What is a LPWAN?
LPWAN stands for low-power wide-area network, and it fits into the wider ecosystem of WANs (wide-area networks). Unlike a wireless WAN that supports more data and connects users, LPWANs allow for long-range, wireless telecommunications while keeping a low bit rate. When we say ‘low bit rate,’ a typical data range per channel is 0.3 kbit/second to 50 kbit/second. Some people use the terms low-power wide-area (LPWA) and low-power network (LPN) in reference to LPWANs.
When to use a LPWAN
A LPWAN is ideal for IoT solutions that require small amounts of data to be sent significant distances over the span of multiple years. This makes it a great network for devices in remote locations or devices spread over larger distances.
IoT in agriculture
Agriculture solutions often require sensors spread out over large, rural areas. LPWAN is capable of spanning across these areas.
Manufacturing solutions benefit from sensors that can report from underground and in extreme climates, LPWANs have these capabilities. Because their transceivers can operate on the same batteries for years, they can operate for long time spans without maintenance.
Smart meters are a perfect example. LPWANs are beneficial since the devices are spread across a city and only need to send minimal amounts of data.
Certain LPWAN technologies support roaming capabilities. These can work for tracking inventory or other vehicles.
Benefits of LPWANs
Range of a LPWAN. A LPWAN reaches 2-30 kilometers. Where your solution will fall within this range depends on the location; the network can reach farther in rural areas. LPWAN technology also enables connectivity in underground or closed-off areas that otherwise aren’t connectable.
Cost. Compared to other connectivity solutions, LPWAN hardware and devices can be less complex and therefore less expensive.
Power. LPWAN transceivers can last over a decade on low-cost batteries, creating a low-cost power option.
Disadvantages of LPWANs
Infrequent data transfer. If your solution requires data to be passed frequently, a LPWAN won’t meet your needs.
Low-volume data transfer. Similarly, if you require larger amounts of data than 0.3 kbit/second to 50 kbit/second, you’ll be better off with a different network.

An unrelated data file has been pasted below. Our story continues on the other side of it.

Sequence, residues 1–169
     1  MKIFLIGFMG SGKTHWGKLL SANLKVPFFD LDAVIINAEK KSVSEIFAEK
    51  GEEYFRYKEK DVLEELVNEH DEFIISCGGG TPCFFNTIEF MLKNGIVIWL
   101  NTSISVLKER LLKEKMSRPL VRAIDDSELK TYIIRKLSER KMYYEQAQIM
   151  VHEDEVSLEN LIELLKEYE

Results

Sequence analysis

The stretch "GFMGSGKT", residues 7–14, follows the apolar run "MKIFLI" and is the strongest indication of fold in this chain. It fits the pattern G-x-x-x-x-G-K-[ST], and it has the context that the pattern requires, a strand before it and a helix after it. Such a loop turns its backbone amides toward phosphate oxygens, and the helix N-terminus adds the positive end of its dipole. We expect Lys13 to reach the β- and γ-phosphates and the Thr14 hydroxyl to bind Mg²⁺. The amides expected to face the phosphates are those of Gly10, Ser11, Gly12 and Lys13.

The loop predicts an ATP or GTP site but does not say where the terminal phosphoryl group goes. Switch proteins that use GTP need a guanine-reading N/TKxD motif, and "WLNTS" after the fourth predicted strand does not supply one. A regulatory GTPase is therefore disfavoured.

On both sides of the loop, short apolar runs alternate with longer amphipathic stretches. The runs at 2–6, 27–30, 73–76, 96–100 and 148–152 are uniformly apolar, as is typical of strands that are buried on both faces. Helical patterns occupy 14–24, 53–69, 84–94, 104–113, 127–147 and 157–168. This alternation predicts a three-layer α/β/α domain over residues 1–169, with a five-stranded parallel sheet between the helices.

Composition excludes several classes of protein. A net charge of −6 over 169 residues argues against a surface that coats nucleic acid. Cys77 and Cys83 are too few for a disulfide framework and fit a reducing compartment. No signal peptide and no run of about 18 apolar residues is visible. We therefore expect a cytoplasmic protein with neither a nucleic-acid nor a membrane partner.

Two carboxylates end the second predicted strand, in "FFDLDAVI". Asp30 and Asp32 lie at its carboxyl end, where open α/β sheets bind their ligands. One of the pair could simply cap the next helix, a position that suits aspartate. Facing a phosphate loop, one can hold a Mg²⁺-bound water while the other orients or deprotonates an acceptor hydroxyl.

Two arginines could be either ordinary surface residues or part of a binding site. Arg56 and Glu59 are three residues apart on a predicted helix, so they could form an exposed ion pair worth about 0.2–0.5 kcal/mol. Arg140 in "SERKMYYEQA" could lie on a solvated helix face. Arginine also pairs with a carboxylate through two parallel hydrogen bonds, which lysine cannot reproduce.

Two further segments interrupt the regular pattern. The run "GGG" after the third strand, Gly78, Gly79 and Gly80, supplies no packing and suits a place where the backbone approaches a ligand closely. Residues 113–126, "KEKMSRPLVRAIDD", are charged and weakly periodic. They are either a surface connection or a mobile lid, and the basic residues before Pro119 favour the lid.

Disadvantages of Private LPWANs
Operating on unlicensed bands. ISM bands, on which LPWANs often operate, are left open. This affects some solutions much more than others. Some solutions might not be affected much by this. However, if solutions offer medical applications or support self-driving cars, they might want to avoid unlicensed bands. While we’ve mentioned this as a disadvantage, some solutions prefer unlicensed bands as a cost-saving technique.
High upfront costs. A private LPWAN is only a viable option for operations that can handle significant upfront costs. At SIMON, we offer turn-key access to LPWAN technologies through carriers across the globe.
This option offers higher data volume and is considered a good fit for roaming solutions. Cat M1 is occasionally being used to replace 2G and 3G for some devices.
This narrowband option operates out of the LTE construct, which comes with its own pros and cons. Solutions that use NB-IoT appreciate it for its minimal power usage, cost-efficiency, and strong signal. It’s a great option for solutions with sensors in locations that might be difficult for other options to reach, such as underground applications.
Sigfox also uses narrowband. Most solutions that use Sigfox only need an extremely small bandwidth application.
LoRaWan (LoRa) uses an unlicensed frequency and supports a bit larger bandwidth than Sigfox.
Effects of 5G on LPWAN
Recently, there’s been discussion around how 5G will affect the future of LPWANs. 5G will enhance LPWAN because of its ability to provide low-power, low-latency, and high data-transfer rates. However, this may be too narrow-minded, because you can take advantage of LPWAN today using a combination of 4G and 5G networks.
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